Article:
Insight and investigations from our expert reporters
Laurence Fletcher and a team of reporters from Canberra to the small town of Apache Junction in Arizona have a special report today that is the latest in our series “Shell Games,” exploring the extent and impact of corporate secrecy in the United States and beyond.
“The bonds that turned to dust” tracks the fate of $500 million of highly illiquid paper purportedly issued by a company in a trailer-park suburb of Phoenix, on behalf of a small Australian commodities firm — and backed by the proceeds from $10 billion of diesel from the tiny autonomous Russian republic of Bashkortostan.
The bonds proved to be impossible to sell, and a Cayman Island-based fund, DD Growth Premium, that bought them went into liquidation in the spring of 2009. The fund’s implosion left behind a band of irate investors and an enduring riddle as to what exactly happened.
Read the story in multimedia PDF format here: http://link.reuters.com/sut23s
We kicked off the series at the end of June with “A little house of secrets on the Great Plains.” The story focused on a house in Cheyenne, Wyoming, that is home to more than 2,000 companies. The state is already cracking down, as we reported last week.
By Emily Chasan
Bernie Madoff, didn’t technically run a hedge fund, but his effects on the industry are still being felt today.
Hedge fund investors learned the hard way that they wanted to invest in hedge funds with a more institutional feel, and pushed successfully over the past few years for reforms to hedge fund redemption policies, transparency, use of outside fund administrators and even lower fee structures.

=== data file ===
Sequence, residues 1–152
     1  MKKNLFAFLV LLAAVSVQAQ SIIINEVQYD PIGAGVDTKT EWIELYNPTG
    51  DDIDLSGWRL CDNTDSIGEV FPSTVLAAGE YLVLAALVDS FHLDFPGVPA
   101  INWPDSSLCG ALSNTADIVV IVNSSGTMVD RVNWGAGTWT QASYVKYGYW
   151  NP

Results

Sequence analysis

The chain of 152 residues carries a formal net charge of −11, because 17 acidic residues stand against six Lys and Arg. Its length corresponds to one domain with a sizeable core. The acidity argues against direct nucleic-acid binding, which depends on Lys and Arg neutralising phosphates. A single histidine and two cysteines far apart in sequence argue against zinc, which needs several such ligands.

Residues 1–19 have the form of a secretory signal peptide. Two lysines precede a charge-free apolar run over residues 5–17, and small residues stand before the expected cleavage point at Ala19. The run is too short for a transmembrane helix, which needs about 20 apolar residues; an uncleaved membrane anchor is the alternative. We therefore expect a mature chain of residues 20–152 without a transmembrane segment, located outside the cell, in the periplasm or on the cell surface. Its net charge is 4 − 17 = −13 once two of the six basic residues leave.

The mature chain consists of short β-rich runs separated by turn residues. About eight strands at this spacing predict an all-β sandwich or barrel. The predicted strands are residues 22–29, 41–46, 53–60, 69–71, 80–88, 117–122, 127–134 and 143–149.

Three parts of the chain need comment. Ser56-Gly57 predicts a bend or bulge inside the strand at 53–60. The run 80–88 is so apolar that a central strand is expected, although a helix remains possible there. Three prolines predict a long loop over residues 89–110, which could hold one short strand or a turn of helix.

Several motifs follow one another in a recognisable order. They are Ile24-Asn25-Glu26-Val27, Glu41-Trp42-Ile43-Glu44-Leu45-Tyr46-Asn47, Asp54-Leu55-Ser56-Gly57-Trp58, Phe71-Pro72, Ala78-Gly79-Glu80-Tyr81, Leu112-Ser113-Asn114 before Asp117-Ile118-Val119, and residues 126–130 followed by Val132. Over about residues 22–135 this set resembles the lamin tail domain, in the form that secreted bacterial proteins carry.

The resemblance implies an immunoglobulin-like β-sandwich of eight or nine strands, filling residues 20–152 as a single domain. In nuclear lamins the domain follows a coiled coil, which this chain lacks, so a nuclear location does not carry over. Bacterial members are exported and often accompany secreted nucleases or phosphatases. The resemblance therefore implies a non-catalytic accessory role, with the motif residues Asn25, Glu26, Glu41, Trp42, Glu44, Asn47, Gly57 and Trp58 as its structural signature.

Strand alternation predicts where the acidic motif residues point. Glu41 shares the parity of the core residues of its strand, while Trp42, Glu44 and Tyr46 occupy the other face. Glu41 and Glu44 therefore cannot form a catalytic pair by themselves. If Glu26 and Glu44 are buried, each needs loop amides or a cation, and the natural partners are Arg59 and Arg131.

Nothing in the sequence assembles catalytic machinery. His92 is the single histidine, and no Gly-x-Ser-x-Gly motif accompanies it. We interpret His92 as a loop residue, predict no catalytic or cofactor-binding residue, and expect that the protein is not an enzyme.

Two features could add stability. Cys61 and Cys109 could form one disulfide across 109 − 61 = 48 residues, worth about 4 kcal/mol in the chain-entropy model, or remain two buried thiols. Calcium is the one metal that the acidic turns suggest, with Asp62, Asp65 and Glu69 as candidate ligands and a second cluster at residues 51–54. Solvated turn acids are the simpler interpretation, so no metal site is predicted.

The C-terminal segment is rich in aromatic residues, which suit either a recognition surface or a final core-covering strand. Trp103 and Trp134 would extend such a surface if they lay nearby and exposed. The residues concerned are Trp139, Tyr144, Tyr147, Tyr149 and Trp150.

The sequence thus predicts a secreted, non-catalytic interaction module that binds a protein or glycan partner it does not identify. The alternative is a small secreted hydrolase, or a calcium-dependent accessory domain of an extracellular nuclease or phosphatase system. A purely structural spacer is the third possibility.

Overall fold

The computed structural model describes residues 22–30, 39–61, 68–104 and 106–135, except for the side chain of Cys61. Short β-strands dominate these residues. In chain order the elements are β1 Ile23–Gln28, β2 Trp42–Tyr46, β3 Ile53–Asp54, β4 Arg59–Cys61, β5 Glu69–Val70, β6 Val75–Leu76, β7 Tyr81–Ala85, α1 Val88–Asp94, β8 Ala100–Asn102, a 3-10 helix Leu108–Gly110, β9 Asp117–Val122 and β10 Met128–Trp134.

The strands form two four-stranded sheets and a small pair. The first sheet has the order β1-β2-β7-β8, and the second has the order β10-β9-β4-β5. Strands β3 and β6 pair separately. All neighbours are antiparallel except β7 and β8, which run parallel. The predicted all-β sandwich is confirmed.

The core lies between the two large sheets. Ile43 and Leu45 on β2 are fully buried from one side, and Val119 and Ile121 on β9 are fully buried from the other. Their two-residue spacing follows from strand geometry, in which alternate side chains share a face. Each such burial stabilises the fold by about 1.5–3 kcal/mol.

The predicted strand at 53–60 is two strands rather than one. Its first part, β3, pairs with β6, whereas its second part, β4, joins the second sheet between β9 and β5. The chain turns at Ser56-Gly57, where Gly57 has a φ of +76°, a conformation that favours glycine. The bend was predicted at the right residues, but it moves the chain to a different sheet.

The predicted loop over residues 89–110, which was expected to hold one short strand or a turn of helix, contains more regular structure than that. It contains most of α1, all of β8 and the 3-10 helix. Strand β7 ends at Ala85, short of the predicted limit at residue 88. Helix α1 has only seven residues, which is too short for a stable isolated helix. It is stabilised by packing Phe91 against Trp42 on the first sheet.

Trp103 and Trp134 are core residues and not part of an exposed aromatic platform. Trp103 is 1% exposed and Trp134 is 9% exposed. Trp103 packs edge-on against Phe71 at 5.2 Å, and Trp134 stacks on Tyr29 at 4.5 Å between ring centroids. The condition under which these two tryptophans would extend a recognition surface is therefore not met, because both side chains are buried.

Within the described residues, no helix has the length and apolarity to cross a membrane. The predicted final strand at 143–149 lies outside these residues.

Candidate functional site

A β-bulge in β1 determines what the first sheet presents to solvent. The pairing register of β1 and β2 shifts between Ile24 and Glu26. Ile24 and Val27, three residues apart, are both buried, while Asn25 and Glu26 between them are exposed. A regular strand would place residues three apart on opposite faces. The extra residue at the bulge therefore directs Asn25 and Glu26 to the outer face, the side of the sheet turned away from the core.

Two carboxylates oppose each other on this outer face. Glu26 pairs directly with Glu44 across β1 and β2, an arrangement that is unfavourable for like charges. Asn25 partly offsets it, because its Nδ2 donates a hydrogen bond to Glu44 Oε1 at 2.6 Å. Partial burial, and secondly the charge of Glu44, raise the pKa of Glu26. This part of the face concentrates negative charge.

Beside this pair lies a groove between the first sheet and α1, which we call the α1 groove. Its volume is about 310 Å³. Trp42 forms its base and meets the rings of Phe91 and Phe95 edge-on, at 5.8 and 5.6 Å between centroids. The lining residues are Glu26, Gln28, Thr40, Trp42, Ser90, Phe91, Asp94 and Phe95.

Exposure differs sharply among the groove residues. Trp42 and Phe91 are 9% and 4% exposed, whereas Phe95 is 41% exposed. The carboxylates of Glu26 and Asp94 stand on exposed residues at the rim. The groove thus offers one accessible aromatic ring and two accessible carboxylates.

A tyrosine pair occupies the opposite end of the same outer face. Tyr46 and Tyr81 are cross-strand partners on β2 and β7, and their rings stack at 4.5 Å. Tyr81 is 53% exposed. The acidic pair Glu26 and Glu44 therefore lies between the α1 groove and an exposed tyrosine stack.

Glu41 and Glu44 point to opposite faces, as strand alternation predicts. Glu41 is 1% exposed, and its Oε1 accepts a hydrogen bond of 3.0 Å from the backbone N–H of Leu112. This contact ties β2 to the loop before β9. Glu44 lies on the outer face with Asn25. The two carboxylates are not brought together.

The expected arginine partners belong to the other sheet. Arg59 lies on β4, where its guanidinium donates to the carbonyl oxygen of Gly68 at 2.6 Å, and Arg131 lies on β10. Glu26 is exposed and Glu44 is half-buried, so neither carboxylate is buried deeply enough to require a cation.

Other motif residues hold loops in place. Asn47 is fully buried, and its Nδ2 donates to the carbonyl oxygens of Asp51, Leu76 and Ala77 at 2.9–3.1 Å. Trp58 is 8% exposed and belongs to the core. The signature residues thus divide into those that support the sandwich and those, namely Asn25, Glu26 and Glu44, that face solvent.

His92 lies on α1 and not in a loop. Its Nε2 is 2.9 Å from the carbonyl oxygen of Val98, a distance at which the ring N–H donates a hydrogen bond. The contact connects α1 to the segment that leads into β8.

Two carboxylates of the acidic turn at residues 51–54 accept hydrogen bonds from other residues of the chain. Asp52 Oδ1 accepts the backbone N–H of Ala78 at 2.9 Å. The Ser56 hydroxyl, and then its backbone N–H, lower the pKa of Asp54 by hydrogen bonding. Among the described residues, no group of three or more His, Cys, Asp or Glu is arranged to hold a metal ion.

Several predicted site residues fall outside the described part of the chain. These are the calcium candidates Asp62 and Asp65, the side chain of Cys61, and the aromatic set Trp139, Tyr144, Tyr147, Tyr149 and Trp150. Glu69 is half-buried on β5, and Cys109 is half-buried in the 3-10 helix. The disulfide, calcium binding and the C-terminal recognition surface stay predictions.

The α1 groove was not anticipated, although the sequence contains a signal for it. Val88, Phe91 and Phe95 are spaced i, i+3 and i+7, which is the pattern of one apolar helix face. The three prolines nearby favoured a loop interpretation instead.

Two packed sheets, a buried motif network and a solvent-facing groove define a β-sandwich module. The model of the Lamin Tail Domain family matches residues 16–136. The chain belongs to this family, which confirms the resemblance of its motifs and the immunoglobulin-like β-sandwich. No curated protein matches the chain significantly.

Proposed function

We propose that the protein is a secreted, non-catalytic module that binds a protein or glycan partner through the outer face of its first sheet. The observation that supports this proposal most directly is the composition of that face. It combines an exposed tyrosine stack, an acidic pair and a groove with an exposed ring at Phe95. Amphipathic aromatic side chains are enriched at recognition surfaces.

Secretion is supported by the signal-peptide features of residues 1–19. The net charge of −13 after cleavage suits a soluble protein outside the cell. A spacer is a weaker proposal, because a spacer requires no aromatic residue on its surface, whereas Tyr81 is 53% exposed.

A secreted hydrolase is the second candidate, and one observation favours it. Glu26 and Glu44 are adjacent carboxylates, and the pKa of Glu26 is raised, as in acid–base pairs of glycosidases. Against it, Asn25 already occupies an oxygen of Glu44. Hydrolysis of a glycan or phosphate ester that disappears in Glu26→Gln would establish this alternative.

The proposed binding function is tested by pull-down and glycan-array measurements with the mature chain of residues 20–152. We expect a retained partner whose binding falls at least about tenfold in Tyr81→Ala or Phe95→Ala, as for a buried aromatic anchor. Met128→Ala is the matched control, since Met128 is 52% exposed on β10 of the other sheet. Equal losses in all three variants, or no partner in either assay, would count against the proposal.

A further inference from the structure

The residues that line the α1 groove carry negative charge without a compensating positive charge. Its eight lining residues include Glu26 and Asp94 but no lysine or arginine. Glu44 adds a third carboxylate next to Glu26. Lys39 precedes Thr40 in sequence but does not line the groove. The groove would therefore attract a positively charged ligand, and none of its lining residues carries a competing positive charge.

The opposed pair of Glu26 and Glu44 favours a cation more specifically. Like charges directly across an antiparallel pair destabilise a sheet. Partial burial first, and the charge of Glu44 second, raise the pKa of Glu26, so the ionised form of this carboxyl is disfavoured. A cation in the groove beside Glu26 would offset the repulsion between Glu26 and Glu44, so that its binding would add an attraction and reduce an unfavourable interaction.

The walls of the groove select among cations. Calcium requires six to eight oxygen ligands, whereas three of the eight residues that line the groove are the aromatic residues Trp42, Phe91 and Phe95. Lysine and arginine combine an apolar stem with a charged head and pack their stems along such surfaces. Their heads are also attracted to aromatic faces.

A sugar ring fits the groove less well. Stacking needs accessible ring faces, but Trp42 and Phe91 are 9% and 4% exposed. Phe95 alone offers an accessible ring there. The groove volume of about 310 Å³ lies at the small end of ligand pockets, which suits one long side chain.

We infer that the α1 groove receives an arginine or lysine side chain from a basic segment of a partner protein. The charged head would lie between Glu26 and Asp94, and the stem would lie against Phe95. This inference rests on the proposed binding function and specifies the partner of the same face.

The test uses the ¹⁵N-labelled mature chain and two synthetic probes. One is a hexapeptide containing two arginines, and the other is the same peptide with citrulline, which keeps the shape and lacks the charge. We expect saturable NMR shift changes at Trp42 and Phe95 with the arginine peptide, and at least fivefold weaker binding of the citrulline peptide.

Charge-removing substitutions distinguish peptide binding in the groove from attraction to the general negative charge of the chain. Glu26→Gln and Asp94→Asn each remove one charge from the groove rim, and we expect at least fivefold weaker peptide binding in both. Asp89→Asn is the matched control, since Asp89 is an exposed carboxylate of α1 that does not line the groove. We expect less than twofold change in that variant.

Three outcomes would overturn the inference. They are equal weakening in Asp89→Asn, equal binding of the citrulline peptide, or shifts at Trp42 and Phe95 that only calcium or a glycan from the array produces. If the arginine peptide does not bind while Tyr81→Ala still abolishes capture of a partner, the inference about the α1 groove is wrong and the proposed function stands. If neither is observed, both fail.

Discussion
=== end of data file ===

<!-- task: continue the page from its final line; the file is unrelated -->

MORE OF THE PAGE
By Matthew Goldstein
The trouble with email is that even once you hit the delete button a message often is never really gone.
Long forgotten emails often lie buried in the deep recesses of a computer’s hard drive. That is until some enterprising lawyer with a subpoena comes around and gets a techie to retrieve it. And all too often, those old emails can come back to haunt a person — especially in litigation.
By Matthew Goldstein
All too often the bigger an investment fund gets, the more difficult it is to continue to generate blowout returns.
Maybe the best example of a fund getting so popular and ultimately unwieldy is Fidelity’s Magellan fund. One has to wonder if on a smaller scale, the same phenomena is happening to Steven Cohen’s SAC Capital Advisors.
Our latest special report profiles one of the more colorful figures in the hedge fund world — William Ackman. Wall Street Investigations editor Matthew Goldstein teamed up with funds correspondent Svea Herbst-Bayliss, who was in New York this week for the Value Investing Conference.
Here’s what Matt has to say about Ackman and one of his rivals.
“Hedge fund managers William Ackman (left) and David Einhorn (right) are fairly good friends and sometimes they find themselves on the same side of a debate over a stock.